“Everybody mixes it up. Why would be just wanna be a rock band?” He adds. Which is exactly my point, it would get a bit boring doing the same stuff over and over again. “Yeah rock ‘n’ roll should be about experimenting, it shouldn’t be held down by a leather jacket and a haircut you know. It’s just not what rock ‘n’ roll is.” Gourley puts it perfectly.
Now the question we’ve all wanted to know: How did ‘Feel It Still’ become a global hit? The simple answer is that it’s a fucking awesome tune. “You know people talk about that feeling you have in the studio when you come across something different. You know I don’t think anybody can really predict it and predict the success of songs.”
How would any artist know a song is going to become a global hit if the world hasn’t even listened yet. The funniest thing about ‘Feel It Still is how it wasn’t a song they had planned to include. “We sat down and worked on it. It wasn’t even a session that we were working on.” Says Gourley. “We were mixing ‘Live In The Moment’ I believe, at John Hill Studio and I stepped into a side room and I sat down and started playing a bass line.” But if it wasn’t for Electric Guest frontman Asa Taccone to be working in the studio too, the song may have existed. “He asked if he could record it… It’s just ridiculous how this stuff comes together. I mean you spend four years working on a fucking record and you step into a side room for an hour and you have ‘Feel It Still’.”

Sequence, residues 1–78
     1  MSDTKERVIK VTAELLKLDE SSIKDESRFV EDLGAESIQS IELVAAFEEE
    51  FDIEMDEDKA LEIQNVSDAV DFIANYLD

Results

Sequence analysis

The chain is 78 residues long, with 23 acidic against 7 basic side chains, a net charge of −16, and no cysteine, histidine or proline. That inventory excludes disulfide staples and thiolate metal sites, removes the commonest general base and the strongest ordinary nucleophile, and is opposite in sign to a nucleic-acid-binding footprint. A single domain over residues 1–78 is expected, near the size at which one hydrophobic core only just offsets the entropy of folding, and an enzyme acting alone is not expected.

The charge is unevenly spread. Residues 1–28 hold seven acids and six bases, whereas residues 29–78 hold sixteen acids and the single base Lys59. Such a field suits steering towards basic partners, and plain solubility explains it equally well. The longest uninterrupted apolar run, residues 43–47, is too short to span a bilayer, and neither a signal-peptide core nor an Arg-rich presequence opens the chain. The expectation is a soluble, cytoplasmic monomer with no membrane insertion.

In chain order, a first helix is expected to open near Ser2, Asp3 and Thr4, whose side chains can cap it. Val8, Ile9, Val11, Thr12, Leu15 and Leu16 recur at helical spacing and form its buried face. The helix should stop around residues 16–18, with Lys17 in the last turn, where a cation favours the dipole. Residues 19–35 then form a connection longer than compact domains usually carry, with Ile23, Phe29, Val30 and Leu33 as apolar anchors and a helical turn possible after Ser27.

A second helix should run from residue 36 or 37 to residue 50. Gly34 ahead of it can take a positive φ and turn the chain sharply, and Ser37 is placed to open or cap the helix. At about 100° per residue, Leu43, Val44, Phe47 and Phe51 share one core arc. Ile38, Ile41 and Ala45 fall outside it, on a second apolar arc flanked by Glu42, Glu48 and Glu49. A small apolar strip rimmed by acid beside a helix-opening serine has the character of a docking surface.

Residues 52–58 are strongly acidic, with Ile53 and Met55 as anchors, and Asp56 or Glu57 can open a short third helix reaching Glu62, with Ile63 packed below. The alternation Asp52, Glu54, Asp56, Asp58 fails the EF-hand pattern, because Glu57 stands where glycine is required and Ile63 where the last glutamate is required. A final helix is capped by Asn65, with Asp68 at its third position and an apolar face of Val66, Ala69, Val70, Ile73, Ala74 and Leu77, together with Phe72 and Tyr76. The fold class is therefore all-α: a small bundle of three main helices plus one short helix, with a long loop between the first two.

It’s crazy to think that spending so many years trying to write a record then it comes down to that one moment. That moment when you sit in another room and a second pair of ears from outside the band and you have a hit.